9. The third impeachment trial of a president in US history concluded on Feb. 5, 2020 after the Republican majority in the Senate voted to acquit Donald Trump of the impeachment charges. Mitt Romney became the first senator in U.S. history to vote to convict a president from his own political party.
10. A blog post by FitBit revealed that people have been getting longer, higher quality and more consistent sleep due to the pandemic. Quality sleep is very important for general health; it also helps to improve the immune system, which is especially important during the coronavirus outbreak.
11. A massive explosion rocked the Lebanese city of Beirut, causing hundreds of deaths and thousands of injuries. The humanitarian crisis left 300,000 people homeless and exacerbated political and economic instability within the country.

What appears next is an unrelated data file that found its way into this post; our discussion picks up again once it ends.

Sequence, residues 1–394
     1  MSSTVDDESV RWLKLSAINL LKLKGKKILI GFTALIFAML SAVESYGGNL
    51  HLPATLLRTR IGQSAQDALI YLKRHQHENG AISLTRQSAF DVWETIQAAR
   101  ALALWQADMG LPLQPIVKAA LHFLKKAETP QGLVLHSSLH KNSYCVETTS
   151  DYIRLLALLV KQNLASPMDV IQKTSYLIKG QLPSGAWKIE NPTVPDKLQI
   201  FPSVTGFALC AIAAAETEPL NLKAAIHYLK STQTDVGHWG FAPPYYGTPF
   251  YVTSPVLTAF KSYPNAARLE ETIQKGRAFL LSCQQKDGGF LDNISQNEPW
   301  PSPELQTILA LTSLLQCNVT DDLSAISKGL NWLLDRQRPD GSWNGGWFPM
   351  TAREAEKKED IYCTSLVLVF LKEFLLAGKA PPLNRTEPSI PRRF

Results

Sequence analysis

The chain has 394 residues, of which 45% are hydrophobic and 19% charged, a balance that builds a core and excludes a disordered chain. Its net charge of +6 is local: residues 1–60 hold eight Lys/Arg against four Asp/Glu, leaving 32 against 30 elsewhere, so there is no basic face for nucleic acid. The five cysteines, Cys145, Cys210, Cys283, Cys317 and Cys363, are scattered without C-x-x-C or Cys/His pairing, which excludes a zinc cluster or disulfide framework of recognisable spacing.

12. People found remarkable new ways to socialize in a socially distant way. Applications like Netflix Party and Zoom exploded in popularity. Tiger King and Among Us became popular as people sought ways to entertain themselves and connect with each other.
13. Reduced roadway utilization led to a historic drop in fossil fuel usage and carbon dioxide emissions. However, lifestyle changes due to lockdowns caused an increase in plastic consumption, and thus, plastic pollution.
14. A patient was cured of HIV for the second time in history. Adam Castillejo, also known as the “London Patient,” was confirmed to be free of HIV following a bone-marrow transplant for his lymphoma.